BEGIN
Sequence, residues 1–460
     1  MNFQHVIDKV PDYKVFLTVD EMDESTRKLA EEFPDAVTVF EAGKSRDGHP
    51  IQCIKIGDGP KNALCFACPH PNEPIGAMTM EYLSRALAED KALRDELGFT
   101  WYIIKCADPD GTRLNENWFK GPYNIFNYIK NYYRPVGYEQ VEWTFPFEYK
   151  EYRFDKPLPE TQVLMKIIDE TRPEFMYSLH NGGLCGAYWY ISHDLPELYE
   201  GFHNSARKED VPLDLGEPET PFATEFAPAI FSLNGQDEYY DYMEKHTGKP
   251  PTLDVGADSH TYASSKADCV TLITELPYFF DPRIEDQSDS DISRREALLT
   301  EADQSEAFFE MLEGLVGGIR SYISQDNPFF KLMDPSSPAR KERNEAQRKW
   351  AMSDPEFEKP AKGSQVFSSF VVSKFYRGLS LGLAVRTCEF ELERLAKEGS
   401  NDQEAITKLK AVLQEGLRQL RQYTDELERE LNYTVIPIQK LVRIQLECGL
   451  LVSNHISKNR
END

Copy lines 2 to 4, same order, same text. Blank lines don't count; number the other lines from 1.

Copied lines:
     1  MNFQHVIDKV PDYKVFLTVD EMDESTRKLA EEFPDAVTVF EAGKSRDGHP
    51  IQCIKIGDGP KNALCFACPH PNEPIGAMTM EYLSRALAED KALRDELGFT
   101  WYIIKCADPD GTRLNENWFK GPYNIFNYIK NYYRPVGYEQ VEWTFPFEYK